News  |    |  February 14, 2020

Emotion AI researchers say overblown claims give their work a bad name

News article by Angela Chen and Karen Hao.
Published in MIT Technology Review.


A lack of government regulation isn’t just bad for consumers. It’s bad for the field, too.

Perhaps you’ve heard of AI conducting interviews. Or maybe you’ve been interviewed by one yourself. Companies like HireVue claim their software can analyze video interviews to figure out a candidate’s “employability score.” The algorithms don’t just evaluate face and body posture for appearance; they also tell employers whether the interviewee is tenacious, or good at working on a team. These assessments could have a big effect on a candidate’s future. In the US and South Korea, where AI-assisted hiring has grown increasingly popular, career consultants now train new grads and job seekers on how to interview with an algorithm. This technology is also being deployed on kids in classrooms and has been used in studies to detect deception in courtroom videos.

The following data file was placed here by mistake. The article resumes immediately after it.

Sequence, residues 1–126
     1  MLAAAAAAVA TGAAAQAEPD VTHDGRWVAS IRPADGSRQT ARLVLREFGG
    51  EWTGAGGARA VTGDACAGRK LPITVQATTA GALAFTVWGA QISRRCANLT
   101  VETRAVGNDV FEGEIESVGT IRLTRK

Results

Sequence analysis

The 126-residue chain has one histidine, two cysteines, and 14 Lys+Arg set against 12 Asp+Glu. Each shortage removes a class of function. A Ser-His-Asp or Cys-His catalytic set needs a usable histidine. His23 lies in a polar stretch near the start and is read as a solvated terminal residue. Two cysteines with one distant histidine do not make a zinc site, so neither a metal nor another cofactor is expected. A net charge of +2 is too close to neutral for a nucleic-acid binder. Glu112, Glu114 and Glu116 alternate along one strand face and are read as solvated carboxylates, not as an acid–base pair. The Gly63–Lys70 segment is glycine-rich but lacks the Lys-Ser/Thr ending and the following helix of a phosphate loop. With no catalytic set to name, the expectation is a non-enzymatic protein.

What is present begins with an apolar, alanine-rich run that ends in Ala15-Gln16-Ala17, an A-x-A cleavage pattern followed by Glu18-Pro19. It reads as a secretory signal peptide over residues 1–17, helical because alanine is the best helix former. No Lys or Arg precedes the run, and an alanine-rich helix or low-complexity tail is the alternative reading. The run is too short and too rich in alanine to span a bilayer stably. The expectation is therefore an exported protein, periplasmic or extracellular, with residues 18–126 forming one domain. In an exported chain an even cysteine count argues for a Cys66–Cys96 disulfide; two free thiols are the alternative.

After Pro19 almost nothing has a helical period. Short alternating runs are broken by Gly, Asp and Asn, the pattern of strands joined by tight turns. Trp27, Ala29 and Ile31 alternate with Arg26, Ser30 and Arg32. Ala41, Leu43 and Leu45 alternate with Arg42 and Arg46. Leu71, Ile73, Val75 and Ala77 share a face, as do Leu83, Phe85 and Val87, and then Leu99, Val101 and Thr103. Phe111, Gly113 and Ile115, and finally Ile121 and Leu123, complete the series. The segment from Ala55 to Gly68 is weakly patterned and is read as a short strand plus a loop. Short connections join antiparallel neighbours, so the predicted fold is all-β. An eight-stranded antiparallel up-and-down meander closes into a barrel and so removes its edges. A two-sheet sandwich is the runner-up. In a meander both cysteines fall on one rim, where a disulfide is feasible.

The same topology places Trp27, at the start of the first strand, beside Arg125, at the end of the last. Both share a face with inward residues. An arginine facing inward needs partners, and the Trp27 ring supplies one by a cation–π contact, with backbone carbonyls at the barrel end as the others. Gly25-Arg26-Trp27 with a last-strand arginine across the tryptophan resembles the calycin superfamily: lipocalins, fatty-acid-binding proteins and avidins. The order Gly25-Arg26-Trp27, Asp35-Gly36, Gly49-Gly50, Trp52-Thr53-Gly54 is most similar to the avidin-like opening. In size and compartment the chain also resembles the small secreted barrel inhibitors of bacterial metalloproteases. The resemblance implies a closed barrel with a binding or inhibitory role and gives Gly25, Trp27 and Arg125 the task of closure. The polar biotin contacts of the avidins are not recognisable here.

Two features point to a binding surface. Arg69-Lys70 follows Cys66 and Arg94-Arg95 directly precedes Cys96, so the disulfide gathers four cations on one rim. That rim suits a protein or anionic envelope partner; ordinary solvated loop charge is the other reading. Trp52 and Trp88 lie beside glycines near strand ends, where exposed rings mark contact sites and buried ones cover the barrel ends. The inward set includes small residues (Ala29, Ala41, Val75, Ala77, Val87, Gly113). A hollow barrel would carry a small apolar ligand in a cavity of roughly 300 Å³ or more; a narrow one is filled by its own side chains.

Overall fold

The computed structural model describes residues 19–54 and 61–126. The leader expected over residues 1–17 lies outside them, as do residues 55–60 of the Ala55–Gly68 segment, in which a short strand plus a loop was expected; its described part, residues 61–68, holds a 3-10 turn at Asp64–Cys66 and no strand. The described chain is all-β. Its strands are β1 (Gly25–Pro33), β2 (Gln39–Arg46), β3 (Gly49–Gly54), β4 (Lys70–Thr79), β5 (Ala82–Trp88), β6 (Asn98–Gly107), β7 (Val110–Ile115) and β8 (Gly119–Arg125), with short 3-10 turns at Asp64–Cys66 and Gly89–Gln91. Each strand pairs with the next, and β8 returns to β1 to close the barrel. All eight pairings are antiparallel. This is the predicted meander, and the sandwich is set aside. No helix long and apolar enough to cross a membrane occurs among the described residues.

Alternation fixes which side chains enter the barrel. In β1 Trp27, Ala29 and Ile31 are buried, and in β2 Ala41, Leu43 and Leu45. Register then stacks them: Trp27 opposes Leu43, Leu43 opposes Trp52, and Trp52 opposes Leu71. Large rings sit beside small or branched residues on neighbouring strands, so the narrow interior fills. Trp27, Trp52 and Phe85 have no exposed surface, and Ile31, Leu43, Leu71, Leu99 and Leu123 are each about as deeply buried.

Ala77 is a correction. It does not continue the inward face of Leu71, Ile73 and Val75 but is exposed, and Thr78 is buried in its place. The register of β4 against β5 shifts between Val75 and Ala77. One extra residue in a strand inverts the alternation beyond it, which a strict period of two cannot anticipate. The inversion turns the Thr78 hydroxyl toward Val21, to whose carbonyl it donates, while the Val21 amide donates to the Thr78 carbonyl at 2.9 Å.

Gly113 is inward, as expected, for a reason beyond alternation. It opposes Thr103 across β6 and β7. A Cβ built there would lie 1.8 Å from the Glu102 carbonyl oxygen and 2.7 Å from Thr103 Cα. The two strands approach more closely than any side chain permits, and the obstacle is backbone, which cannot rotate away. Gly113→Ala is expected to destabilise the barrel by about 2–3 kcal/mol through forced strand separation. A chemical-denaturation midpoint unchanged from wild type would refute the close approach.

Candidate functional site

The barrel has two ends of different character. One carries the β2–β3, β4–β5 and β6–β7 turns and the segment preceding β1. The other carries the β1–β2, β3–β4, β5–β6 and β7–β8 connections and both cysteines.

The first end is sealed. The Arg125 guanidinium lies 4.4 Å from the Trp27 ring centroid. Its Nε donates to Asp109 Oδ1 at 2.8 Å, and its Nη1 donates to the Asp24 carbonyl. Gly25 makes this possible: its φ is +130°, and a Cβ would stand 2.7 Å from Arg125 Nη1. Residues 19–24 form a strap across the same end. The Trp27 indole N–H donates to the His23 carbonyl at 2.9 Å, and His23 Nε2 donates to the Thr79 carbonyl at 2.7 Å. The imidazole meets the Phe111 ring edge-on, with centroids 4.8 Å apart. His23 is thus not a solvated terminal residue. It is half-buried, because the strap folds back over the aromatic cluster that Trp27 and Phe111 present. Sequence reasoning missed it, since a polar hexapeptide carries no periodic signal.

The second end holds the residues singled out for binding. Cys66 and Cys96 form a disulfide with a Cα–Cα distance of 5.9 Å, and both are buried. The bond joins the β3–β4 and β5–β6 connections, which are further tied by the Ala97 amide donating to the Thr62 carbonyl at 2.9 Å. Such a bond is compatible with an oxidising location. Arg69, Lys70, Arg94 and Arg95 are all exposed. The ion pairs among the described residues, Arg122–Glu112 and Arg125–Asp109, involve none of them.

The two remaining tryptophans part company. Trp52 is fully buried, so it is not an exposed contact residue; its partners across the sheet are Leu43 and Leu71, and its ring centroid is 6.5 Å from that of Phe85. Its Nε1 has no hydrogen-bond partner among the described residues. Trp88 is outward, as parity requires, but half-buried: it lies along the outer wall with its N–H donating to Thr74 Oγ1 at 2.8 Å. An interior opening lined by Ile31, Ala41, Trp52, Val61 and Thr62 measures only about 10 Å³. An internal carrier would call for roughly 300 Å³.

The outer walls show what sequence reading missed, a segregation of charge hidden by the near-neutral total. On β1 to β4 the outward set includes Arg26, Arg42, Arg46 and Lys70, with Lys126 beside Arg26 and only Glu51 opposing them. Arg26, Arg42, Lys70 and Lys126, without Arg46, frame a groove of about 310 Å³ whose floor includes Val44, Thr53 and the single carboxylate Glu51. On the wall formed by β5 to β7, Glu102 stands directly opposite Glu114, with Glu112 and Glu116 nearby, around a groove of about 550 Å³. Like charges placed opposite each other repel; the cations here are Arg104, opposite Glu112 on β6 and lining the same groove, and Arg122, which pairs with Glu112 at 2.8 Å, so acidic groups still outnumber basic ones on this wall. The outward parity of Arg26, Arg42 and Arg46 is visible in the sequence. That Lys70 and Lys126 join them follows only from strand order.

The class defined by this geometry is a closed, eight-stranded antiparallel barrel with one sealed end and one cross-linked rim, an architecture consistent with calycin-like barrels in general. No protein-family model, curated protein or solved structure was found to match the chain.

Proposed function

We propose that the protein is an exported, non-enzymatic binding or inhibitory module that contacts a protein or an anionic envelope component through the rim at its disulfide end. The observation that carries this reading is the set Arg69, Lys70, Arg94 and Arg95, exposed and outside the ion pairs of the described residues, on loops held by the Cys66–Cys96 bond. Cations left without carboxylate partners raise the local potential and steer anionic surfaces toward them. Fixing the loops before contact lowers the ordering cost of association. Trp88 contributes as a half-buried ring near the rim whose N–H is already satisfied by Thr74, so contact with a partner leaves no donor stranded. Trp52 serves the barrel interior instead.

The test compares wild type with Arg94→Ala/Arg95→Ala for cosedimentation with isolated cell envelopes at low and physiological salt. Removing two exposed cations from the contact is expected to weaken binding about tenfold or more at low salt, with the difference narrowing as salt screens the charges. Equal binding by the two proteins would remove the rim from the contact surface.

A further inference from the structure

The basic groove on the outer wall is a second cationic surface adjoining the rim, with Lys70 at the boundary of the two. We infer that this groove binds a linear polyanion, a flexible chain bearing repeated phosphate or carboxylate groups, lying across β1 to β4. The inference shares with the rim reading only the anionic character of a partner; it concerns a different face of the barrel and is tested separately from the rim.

But many of these promises are unsupported by scientific consensus. There are no strong, peer-reviewed studies proving that analyzing body posture or facial expressions can help pick the best workers or students (in part because companies are secretive about their methods). As a result, the hype around emotion recognition, which is projected to be a $25 billion market by 2023, has created a backlash from tech ethicists and activists who fear that the technology could raise the same kinds of discrimination problems as predictive sentencing or housing algorithms for landlords deciding whom to rent to. [ . . . ]